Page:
THE LITTLE PRINCE
This is a film adaptation of the Saint-Exupéry story. Here, the story was turned into a brassy, cumbersome American musical. It was written directly for the screen by Broadway musical specialists Alan Jay Lerner and Frederick Loewe, who had classics like Brigadoon (1947), My Fair Lady (1956) and Camelot (1960) to their name. The film was directed by Stanley Donen, a specialist in film musicals with the likes of Royal Wedding (1951), Singin in the Rain (1952), Seven Brides for Seven Brothers (1957), Funny Face (1957) and Damn Yankees (1958). Unfortunately for Stanley Donen, The Little Prince came at a point when public interest in musicals was nosediving amid a string of well-publicised flops, and effectively ended his career as a director of musicals.
Even though the film remains faithful to the text of the story, it is ponderous and deadening. Its construction as a classical-styled musical drags the story out. While many of Stanley Donens other film musicals have a frothy effervescence, he fails to give the exercise here much in the way of enervation. The films only enlivening moment is a wonderfully slithery self-choreographed number from famed dance choreographer/film director Bob Fosse of Cabaret (1972), All That Jazz (1979) and Star 80 (1980) fame as the Snake in the Grass. Another dance sequence with Gene Wilder, giving what must be one of the worst in a whole career of awful performances, is excruciatingly over the top. The scenes between the Pilot and Prince certainly play with a wry humour and deft matter-of-fact absurdism but then the score keeps returning to drag proceedings to a standstill.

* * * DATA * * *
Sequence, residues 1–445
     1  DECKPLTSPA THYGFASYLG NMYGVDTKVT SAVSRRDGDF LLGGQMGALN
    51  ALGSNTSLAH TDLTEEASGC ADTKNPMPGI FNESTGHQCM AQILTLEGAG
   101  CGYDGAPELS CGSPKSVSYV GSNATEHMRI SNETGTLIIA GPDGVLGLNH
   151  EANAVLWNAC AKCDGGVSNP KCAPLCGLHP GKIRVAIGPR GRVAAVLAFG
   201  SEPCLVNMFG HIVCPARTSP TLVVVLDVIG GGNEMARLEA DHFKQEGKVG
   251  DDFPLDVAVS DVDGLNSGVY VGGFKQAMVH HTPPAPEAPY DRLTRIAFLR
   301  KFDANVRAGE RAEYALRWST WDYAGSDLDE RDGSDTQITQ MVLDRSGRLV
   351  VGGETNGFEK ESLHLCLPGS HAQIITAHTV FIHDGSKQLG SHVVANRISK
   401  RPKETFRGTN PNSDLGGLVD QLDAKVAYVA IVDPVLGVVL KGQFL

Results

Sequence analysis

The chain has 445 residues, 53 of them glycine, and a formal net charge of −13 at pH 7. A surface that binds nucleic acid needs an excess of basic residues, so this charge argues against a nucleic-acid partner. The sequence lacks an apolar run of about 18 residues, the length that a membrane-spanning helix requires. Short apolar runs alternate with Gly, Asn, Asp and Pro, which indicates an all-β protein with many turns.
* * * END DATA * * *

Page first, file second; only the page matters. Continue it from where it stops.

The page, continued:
One of the plus points of the film are its highly unusual sets and effects. The Princes asteroid is a sphere only 15 feet in diameter we see him walk the entire way around the equator, stepping over tiny volcanoes and across The Statesmans borders and countries that are no bigger than a puddle of water. There are other memorable images Clive Revill as the businessmen living in a world filled with towers of books; or the Princes flight through space holding onto a flock of animated silver birds. Eight year-old Steven Warner has a plaintive and sweetly endearing presence as the Prince what ever happened to Warner one wonders?
The Little Prince (2015) is a French-made animated remake, although this invents a far wider story that surrounds the text. A far more impressive version of the story was a short film version made by Claymation animator Will Vinton in 1979. There was a further animated adaptation made for German tv in 1990. There have also been two films based on the life of Antoine De Saint-Exupéry the British production Saint-Ex (1996) with Bruno Ganz in the title role, and the French tv production Saint-Exupéry: The Last Mission (1996) starring Bernard Giraudeau.
Stanley Donens other films of genre interest are: Damn Yankees (1958), a musical about diabolic temptation and baseball; the Peter Cook-Dudley Moore black comedy, the original Bedazzled (1967), a dark satire on pacts with the Devil; and the killer robot film Saturn 3 (1980).